According to reports, Japan’s crude oil imports have been steadily declining over the past few years. Japan is one of the world’s largest oil consumers, relying heavily on imports due to low domestic production. Two decades of weak economic growth, aging and declining population, and increased energy efficiency have led to a steady decline in the country’s crude oil imports.
Japan’s crude oil imports fell by 5.4% in 2018 to 149.2 million tonnes. This number declined by another 2.3% in 2019 to 145.8 million tonnes. Japan was one of the countries that managed to control the Coronavirus epidemic properly. However, the impact of the virus on the Japanese economy has been significant. Notably, demand has declined for the country’s exports.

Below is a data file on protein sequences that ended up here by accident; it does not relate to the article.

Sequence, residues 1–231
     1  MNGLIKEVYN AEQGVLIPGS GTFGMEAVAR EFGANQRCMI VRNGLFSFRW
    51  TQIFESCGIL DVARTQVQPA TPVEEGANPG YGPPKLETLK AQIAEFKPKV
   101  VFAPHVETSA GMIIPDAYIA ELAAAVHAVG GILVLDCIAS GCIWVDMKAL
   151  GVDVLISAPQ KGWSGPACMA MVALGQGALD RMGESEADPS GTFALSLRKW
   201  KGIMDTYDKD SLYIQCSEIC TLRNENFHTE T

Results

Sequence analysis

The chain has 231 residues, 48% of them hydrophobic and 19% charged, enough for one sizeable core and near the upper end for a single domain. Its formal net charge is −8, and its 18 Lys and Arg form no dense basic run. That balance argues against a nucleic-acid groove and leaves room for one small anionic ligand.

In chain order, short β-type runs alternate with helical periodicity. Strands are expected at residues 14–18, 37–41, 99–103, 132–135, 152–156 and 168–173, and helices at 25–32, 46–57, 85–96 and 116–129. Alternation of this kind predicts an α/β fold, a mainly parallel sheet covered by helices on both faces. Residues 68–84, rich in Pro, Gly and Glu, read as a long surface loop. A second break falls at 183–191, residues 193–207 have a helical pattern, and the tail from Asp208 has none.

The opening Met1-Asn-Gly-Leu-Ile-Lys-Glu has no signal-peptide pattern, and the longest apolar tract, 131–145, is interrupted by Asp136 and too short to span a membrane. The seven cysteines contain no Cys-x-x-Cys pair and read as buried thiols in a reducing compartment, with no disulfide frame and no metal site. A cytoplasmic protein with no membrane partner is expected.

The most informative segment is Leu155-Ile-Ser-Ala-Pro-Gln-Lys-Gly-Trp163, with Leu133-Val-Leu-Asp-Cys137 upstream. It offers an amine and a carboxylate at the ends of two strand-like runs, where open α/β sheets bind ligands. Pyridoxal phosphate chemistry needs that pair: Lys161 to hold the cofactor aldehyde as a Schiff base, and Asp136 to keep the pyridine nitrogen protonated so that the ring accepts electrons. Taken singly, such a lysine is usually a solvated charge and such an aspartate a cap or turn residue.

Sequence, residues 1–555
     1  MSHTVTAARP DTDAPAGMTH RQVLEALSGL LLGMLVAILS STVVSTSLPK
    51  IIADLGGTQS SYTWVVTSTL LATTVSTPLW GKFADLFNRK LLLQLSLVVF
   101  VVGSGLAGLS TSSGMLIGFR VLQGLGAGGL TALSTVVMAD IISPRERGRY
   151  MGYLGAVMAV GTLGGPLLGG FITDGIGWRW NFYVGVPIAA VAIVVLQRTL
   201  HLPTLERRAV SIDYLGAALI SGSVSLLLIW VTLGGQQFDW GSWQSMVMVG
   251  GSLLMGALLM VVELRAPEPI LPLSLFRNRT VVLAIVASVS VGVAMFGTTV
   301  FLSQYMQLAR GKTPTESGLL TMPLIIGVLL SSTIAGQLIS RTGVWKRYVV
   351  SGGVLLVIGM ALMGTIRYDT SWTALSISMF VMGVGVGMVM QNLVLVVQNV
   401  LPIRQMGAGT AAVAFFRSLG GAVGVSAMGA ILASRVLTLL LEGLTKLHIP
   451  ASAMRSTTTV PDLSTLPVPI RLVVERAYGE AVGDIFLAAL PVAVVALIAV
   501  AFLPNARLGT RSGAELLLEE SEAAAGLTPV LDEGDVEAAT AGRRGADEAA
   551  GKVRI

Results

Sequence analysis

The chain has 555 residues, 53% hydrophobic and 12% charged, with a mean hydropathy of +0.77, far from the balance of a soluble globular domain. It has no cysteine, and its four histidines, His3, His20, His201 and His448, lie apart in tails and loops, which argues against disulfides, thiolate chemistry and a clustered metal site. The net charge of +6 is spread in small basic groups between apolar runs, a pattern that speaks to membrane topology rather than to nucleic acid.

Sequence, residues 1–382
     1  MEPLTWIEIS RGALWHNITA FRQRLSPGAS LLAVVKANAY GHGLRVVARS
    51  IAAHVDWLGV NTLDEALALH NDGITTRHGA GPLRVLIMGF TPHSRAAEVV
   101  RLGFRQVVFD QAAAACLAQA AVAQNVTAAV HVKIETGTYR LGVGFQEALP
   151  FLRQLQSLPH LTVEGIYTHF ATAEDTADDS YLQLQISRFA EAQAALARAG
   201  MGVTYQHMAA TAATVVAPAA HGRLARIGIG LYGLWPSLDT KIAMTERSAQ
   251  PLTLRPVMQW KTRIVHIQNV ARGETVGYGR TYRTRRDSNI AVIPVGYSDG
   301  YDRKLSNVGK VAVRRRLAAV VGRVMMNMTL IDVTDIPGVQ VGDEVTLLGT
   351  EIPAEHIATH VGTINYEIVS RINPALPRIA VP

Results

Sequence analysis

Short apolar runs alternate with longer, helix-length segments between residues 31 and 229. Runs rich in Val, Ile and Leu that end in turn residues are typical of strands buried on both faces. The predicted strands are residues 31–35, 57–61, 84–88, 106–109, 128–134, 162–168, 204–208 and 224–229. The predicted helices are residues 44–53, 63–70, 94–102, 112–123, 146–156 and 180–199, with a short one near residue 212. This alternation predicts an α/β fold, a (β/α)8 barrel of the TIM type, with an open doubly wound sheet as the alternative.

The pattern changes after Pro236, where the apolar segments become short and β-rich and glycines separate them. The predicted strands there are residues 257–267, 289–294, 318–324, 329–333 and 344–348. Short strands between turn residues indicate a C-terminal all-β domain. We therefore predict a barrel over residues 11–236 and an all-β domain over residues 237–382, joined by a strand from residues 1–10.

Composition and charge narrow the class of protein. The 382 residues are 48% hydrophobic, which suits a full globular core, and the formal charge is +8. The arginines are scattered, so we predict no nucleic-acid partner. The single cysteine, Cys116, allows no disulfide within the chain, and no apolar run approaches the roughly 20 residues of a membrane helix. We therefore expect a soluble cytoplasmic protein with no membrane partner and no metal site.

Japan imported 74.9 million tonnes of crude oil by the sea in the first seven months of 2020. This is 13% less than 86 million tonnes imported in the same period in 2019.
Japan’s oil import has been deteriorating since May
Japan’s crude imports fell to 10.1 million tonnes in May this year. It was down by 12.9% from April and 17.4% from the same month in 2019. Japan’s imports fell further in June to 7.3 million tonnes, with a 27.2% decline from the previous month and a 33.3% drop from the same month in 2019.
In July, Japan’s oil imports rose moderately to 9.3 million. The figure was 27.2% higher than the previous month but still down 25.5% from 2019.
Japan has always depended on imports from the Middle East. 91.5% of Japan’s oil imports in the first seven months of 2020 came from the Persian Gulf countries. Imports from Saudi Arabia fell by 11.4% year-on-year to 28.8 million tonnes, up from 32.2 million tonnes last year. Saudi Arabia currently accounts for 38.4% of Japan’s oil imports.
The country’s oil imports from the United States have dropped significantly in 2020. They decreased by 77% in the first seven months of this year from 2019. Japan imported only 0.6 million tonnes of oil from the United States during this period.